Brooklyn Borough President Eric Adams is in the lead in the crowded Democratic primary for mayor, with a seven-point edge over former Sanitation Commissioner Kathryn Garcia, according to a new poll released Monday.
Adams garnered backing from 24 percent of the 800 likely Democratic voters, followed by 17 percent for Garcia, the NBC/Politico poll conducted by Marist College found.
It was the first survey in which Yang had dropped beyond third place.
No other candidate cleared 10 percent. City Comptroller Scott Stringer — whose campaign was rocked by two sexual misconduct accusations — captured just 7 percent support.
And the number of undecided voters is shrinking, down to 13 percent in the poll.
Since no candidate cleared 50 percent of the vote, the winner of the primary would be selected by the new ranked-choice voting system, where voters can rank candidates one through five. Through a process of elimination, voters’ next choices are transferred to the remaining top candidates.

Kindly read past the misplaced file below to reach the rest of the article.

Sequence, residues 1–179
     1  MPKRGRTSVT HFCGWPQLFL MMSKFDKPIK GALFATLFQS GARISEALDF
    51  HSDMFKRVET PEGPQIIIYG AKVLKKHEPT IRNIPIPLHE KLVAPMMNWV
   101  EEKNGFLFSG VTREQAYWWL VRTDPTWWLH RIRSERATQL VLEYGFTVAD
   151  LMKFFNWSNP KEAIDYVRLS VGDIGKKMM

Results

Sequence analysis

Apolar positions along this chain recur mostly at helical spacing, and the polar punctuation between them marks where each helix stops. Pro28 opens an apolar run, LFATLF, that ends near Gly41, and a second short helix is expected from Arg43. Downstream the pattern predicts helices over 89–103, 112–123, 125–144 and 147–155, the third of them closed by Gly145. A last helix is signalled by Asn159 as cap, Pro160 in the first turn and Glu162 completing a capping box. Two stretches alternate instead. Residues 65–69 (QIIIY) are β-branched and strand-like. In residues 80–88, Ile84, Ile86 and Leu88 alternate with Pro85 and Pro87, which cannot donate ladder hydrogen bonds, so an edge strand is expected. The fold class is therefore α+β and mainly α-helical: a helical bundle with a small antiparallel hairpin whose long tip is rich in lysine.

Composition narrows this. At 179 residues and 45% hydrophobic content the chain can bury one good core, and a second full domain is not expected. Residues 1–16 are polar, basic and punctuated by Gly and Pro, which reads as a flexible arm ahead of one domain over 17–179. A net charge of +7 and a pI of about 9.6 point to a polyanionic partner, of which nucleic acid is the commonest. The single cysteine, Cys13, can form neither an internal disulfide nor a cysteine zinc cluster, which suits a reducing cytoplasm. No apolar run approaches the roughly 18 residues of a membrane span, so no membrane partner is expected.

Marist crunched the numbers and found that Adams and Garcia would be the last two candidates standing — with Adams beating her 56 percent to 44 percent.
“This is a very fluid race because of the statistical uncertainty of ranked-choice voting,” said Marist College polling director Lee Miringoff.
He also said the number of undecided voters adds to the uncertainty.
“Undecided voters could make a big difference if they break one way,” Miringoff said.
The Marist survey is just the latest to show that Adams is the front-runner.
A PIX/Emerson College poll released last week had Adams leading Wiley by six points.
The poll also spelled trouble for Yang. Based on high name recognition, Yang had led in early polls but recent surveys suggested he’s fading.
“Yang has been on a descent. He was way up there but he has not been able to sustain that support,” Miringoff said.